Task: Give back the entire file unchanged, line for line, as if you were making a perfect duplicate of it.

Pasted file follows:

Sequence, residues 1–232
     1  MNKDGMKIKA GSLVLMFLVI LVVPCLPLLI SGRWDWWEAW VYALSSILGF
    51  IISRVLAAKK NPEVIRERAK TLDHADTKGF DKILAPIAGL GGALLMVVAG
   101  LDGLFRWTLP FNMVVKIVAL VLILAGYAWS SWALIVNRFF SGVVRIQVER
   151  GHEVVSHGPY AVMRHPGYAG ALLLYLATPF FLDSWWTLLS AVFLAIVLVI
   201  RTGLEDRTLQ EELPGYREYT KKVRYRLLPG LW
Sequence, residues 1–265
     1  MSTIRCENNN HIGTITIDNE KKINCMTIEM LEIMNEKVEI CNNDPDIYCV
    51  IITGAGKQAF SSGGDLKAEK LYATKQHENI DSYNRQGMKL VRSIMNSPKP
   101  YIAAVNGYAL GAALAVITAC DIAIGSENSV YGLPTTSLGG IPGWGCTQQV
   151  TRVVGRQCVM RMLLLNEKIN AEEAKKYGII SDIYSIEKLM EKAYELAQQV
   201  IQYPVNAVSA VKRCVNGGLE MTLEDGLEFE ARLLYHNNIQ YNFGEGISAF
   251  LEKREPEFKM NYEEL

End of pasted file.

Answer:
Sequence, residues 1–232
     1  MNKDGMKIKA GSLVLMFLVI LVVPCLPLLI SGRWDWWEAW VYALSSILGF
    51  IISRVLAAKK NPEVIRERAK TLDHADTKGF DKILAPIAGL GGALLMVVAG
   101  LDGLFRWTLP FNMVVKIVAL VLILAGYAWS SWALIVNRFF SGVVRIQVER
   151  GHEVVSHGPY AVMRHPGYAG ALLLYLATPF FLDSWWTLLS AVFLAIVLVI
   201  RTGLEDRTLQ EELPGYREYT KKVRYRLLPG LW
Sequence, residues 1–265
     1  MSTIRCENNN HIGTITIDNE KKINCMTIEM LEIMNEKVEI CNNDPDIYCV
    51  IITGAGKQAF SSGGDLKAEK LYATKQHENI DSYNRQGMKL VRSIMNSPKP
   101  YIAAVNGYAL GAALAVITAC DIAIGSENSV YGLPTTSLGG IPGWGCTQQV
   151  TRVVGRQCVM RMLLLNEKIN AEEAKKYGII SDIYSIEKLM EKAYELAQQV
   201  IQYPVNAVSA VKRCVNGGLE MTLEDGLEFE ARLLYHNNIQ YNFGEGISAF
   251  LEKREPEFKM NYEEL